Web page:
Situated in the heart of Keong Saik is Neon Pigeon, doling out its latest menu featuring “progressive Japanese” creations by Chef Justin Hammond, accompanied by Japanese-inspired cocktails.
Having honed his skills in Japanese restaurants and bars in Hokkaido, Chef Hammond draws much of his inspiration from his time spent living with Japanese families. The new menu showcases creations using essential Japanese condiments such as goma dare (sesame sauce), miso (fermented soy bean paste), as well as Japanese ingredients like unagi (freshwater eel) and hamachi (yellowtail).
Our love for Japanese-inspired cuisine led us to pay a visit to Neon Pigeon, and so here we are. While the restaurant may seem unassumingly hushed on the outside, save for its neon pink sign, step inside and be drawn into its cozy embrace.
We started off on a good note with the herb-crusted tuna tataki ($16 for small; $30 for large). Bathed in pea puree and light shoyu, crispy glass noodles casually rest atop thick slices of fresh tuna – a splendid blend of flavors linger on the tongue, so fresh there was no fishiness whatsoever.
The perfect amount of crunch and meat is found in the soft shell crab bao ($15 for small; $28 for large), its perfectly light batter drizzled with black pepper teriyaki sauce. Sidekicks corn and avocado make an appearance before being stuffed into a soft, fluffy bun, an enticing mix of textures in one single bite. There is absolutely nothing like this.
Steamed potatoes – its skin intentionally left on (no, it wasn’t due to sheer laziness) brings an well-rounded earthiness to the dish – flattened and gently smoked over wood chips before shallow-fried till crisp on the outside and fluffy on the inside, layers of smoke and spice evident in these crispy smoked potatoes ($9 for small; $16 for large). A herb-ponzu dressing and house-made Japanese dried chili-pepper mix only served to enhance the dish. We are told this was crafted in memory of his late grandmother who “who made the best roasted potatoes in the world”. Having tried this, we don’t doubt it. Tip: add a dash of Neon Pigeon’s house special crack salt – it’s addictive.
Other noteworthy dishes include the tare roasted chicken thigh ($17 for small; $32 for large) starring juicy and tender honey-glazed chicken yakitori with a warm Japanese kabocha salad. It is no wonder it is one of Chef Hammond’s favorite dishes – this dish is absolutely satisfying. (Edit: Unfortunately, we’ve just been told that it will no longer be on the menu as of this February.)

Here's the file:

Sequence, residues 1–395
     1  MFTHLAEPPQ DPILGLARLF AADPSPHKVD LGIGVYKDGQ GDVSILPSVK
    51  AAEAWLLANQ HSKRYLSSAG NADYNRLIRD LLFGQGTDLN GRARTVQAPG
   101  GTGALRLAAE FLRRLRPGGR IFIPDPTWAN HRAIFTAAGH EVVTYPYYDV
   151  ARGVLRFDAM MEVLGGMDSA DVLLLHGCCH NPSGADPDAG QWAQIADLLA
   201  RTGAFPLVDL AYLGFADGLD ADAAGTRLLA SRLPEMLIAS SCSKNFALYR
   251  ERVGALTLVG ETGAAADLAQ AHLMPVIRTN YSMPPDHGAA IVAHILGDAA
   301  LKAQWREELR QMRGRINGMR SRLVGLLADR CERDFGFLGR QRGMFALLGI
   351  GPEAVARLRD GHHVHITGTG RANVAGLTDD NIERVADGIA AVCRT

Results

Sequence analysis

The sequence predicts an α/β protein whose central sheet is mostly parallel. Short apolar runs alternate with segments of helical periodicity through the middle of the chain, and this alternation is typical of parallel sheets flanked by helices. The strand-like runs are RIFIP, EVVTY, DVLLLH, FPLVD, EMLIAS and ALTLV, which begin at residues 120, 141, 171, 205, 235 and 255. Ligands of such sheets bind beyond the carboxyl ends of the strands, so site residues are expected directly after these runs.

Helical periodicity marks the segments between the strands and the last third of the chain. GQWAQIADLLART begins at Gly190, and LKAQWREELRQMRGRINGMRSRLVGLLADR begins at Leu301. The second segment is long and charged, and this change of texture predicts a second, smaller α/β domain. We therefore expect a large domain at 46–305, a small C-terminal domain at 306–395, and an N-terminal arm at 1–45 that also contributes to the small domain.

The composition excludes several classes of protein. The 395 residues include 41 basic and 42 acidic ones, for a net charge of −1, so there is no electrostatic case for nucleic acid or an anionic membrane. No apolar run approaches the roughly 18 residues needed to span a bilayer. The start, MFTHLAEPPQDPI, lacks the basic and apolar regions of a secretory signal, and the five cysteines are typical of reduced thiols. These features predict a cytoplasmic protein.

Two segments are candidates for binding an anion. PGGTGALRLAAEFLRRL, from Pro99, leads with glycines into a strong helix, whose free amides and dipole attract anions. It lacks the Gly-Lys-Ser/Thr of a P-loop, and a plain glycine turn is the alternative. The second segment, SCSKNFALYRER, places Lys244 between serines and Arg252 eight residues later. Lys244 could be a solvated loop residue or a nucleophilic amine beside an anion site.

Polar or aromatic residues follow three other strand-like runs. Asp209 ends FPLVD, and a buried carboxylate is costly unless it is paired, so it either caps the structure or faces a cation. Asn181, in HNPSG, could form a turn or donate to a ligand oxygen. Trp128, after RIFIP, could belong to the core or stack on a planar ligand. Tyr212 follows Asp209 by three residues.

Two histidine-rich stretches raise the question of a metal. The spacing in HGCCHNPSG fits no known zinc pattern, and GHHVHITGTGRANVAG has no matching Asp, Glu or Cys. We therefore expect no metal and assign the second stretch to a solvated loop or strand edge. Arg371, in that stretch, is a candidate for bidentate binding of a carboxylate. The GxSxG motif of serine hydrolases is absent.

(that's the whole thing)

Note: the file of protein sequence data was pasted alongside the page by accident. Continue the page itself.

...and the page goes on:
Resembling Korean bibimbap, unagi rice pan ($18 for small; $34 for large) ups the ante with varying textures. Rice and dashi are cooked with butter before smoked on an open flame until soccarat is formed. The rice is then slathered with sweet snap peas, barbecue unagi, spring onion, crispy fried nori, topped with a raw egg yolk and sprayed with mirin to mimic sushi rice. It begins mildly runny akin the Japanese rice porridge before crusting and slowly thickening into a creamy congee-like texture, stirred in together with a golden egg yolk. We thoroughly enjoyed the lip-smackingly delicious unagi, as well as its accompanying crunchy deep-fried nori sheets.
And if the food isn’t enough ascertainment, these cocktails will set you in place. A medley of bar manager Symphony Loo’s favourite creations, savor the sweetness of ginger-chamomile honey syrup, gin, and sake in Bees-ness ($18); sip on rosemary-infused sake and umeshu alongside prosecco in Teared Negroni ($20); and for those looking to take things up a notch, we recommend Shibuya ($20) – a blend of whiskey, yuzu apricot jam, chamomile cointreau and lychee liqueur.
We’re already planning what to eat on our next visit: Japanese crab cakes generously slathered with avocado, wasabi and red sorrel ($16 for small; $30 for large), and charcoal-fired rump ($20 for small; $38 for large) with konbu vinegar and tempura enoki.
Our verdict? A lovely hangout for delicious fusion Japanese dishes and adventurous cocktails – just what the doctor ordered.
Photo credit: Ling Tay
Neon Pigeon. #01-03, 1 Keong Saik Rd., 6222-3623. Open Mon-Sat 6pm-midnight.